Chris Gorski  36:49

well. Right. Right. I mean, that fits really well into the theme of the book as well. Yeah,

 

James Poskett 36:53

yeah. It's not by coincidence.

 

Chris Gorski  36:57

Right. And so what's, you know, now that you've written a spanning, you know, a very far reaching history of global science, what's next for you,

 

James Poskett 37:08

um, I'm working on sort of two projects. So one is a history of science of the Empire. So I realized writing this book that there is much, much more work to be done on thinking about how the end of European empires shaped the development of science and the relationships between particularly places like Britain and other and science in other states, but around the world. So I'm thinking about how the process of decolonization shaped both the process of science but actually scientific lives and careers. I have a PhD students at the minute who's working on the oral history of South Asian scientists in the post war period and their experiences coming to Britain and returning to South Asia, particularly India. So that's a big theme. i After writing this, I did think, ah, you know, I've written this 500 600 year history, do I have to go bigger again? You know, when does it stop? You know, I mean, I'm only in my 30s. There's only so much I can do. That said I have toyed with the idea of going back a bit further. So thinking about Valerie Hanson, wrote this great history book called the year 1000, about how the year 1000 Was this important moment in globalization. And I started to think a lot more about how the story I've told, could be applied to earlier periods as well. So I chose to focus on this period from 1500 onwards, because that's the classic story of the origins of modern science, the scientific revolution. So I needed to call start with that, to flip it on its head to start with the thing people are familiar with. But I'm wondering about, you know, ancient global science or medieval global science and how that might change our understanding of the development of science over the really long term. So yeah, I'm ever going to come in, I'm doing a bit of both smaller and bigger.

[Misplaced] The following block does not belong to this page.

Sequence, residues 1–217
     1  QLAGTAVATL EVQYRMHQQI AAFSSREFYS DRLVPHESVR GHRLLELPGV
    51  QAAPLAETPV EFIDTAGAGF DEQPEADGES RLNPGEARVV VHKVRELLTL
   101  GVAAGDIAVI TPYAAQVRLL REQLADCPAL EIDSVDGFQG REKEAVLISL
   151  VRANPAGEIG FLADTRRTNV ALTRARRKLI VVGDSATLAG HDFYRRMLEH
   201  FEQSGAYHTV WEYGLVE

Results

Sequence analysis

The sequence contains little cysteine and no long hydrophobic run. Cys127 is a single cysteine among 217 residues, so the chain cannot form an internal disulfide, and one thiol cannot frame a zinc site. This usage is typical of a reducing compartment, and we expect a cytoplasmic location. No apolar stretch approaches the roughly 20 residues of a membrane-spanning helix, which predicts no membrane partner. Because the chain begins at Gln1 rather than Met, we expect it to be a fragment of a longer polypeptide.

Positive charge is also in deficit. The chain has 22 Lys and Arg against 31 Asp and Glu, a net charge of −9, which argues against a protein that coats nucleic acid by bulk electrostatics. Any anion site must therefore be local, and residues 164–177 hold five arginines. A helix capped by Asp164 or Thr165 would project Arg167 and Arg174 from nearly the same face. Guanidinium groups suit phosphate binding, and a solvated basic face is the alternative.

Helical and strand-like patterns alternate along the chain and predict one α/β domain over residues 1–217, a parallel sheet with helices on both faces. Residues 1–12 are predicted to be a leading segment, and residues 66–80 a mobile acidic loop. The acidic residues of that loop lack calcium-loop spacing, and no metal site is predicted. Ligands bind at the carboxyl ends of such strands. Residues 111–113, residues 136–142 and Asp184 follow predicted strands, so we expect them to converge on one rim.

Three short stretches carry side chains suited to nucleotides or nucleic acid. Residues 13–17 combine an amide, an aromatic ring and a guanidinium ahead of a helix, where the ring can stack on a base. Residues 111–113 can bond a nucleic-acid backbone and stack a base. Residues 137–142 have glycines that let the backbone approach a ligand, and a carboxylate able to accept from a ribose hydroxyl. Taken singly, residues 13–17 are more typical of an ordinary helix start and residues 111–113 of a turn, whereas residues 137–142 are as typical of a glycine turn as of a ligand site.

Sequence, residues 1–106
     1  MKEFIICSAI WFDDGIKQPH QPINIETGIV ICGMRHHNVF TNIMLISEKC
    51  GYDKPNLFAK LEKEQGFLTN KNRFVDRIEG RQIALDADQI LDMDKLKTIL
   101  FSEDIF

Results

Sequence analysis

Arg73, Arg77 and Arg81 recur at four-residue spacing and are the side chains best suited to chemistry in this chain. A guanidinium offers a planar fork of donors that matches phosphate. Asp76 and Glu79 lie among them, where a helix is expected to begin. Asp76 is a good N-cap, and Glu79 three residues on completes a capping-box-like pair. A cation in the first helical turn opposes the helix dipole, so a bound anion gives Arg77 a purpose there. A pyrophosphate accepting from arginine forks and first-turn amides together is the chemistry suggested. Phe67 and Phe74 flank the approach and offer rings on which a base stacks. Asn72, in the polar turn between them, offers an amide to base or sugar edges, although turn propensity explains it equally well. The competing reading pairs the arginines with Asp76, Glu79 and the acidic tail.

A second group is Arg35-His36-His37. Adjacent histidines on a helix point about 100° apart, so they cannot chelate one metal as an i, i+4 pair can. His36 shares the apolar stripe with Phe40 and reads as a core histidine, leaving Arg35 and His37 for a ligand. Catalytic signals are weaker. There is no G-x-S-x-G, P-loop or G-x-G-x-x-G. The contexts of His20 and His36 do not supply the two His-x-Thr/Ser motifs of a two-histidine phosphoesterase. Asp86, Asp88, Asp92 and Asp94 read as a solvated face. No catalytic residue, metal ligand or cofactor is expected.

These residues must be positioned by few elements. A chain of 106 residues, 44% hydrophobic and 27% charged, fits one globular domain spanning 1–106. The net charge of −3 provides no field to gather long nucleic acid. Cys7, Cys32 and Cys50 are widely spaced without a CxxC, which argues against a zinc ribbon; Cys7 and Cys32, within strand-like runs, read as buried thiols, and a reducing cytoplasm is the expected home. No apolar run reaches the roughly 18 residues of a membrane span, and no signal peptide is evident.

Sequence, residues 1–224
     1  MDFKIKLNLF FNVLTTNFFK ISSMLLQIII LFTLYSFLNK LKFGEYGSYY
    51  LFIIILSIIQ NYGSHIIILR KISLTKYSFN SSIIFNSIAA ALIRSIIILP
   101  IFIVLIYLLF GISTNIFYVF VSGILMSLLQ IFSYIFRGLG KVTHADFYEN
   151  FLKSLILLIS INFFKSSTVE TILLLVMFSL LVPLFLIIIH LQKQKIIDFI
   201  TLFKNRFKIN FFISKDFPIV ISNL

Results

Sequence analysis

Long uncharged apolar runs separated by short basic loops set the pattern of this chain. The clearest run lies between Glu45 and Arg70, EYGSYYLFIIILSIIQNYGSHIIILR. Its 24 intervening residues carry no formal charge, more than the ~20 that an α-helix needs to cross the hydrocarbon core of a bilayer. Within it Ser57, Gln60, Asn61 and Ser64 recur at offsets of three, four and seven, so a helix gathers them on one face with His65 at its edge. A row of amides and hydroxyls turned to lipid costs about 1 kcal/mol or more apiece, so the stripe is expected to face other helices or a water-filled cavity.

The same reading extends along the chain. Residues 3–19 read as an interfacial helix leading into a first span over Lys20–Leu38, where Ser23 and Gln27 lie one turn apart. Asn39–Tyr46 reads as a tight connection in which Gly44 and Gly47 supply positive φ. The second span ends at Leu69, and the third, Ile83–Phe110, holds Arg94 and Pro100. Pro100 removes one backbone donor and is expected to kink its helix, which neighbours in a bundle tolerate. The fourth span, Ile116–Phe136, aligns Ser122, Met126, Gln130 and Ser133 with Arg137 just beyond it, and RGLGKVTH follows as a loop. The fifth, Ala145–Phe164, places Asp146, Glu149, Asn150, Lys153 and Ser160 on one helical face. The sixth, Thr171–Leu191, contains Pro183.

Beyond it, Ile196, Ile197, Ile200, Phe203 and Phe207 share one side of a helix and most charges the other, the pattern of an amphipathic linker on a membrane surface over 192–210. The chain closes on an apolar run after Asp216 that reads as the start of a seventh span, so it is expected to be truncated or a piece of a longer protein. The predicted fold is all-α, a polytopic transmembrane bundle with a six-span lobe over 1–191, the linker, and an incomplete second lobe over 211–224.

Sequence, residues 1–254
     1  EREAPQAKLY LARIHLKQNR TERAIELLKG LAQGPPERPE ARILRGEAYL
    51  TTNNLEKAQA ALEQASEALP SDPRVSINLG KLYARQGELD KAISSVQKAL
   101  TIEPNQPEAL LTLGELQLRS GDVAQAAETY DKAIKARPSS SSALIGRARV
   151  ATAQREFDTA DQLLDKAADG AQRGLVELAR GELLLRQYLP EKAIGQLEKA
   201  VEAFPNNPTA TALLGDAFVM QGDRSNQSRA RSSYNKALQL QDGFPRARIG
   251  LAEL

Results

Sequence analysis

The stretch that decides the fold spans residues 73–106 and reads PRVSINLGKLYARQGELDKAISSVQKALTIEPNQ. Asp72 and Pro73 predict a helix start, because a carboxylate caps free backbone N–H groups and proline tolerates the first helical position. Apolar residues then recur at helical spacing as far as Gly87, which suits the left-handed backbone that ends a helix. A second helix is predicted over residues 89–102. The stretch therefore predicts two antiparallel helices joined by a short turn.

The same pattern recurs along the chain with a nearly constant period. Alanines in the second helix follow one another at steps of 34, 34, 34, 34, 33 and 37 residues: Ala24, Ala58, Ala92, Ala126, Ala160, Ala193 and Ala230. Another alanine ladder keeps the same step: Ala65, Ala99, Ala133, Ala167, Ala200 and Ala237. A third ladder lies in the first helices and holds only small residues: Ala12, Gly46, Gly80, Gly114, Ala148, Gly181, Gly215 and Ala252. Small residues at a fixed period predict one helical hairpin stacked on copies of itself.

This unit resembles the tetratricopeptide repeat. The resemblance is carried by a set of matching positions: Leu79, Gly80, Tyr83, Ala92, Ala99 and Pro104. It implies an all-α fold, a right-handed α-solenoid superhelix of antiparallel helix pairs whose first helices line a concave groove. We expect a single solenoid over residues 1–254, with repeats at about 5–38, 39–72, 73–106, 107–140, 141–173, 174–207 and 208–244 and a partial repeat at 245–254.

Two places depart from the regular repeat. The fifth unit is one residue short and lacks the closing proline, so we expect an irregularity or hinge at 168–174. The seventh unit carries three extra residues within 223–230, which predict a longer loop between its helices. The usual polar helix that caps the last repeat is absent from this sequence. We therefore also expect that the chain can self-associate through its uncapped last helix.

Chris Gorski  39:11

Well, that sounds wonderful. I'm looking forward to reading that too. James. Thanks for joining us today.

 

James Poskett 39:16

Thanks for having me. I really, really appreciate it. And it was really nice to have a chat talk about the book comes out marks the 22nd in the US horizons global origins of modern science.

 

Chris Gorski  39:29

I hope you enjoyed this episode of Inside Science conversations. If you liked this episode, please Like and Subscribe on YouTube or your podcast platform of choice. We'll have another episode of Inside Science conversations for you soon. I'm Chris Gorski thanks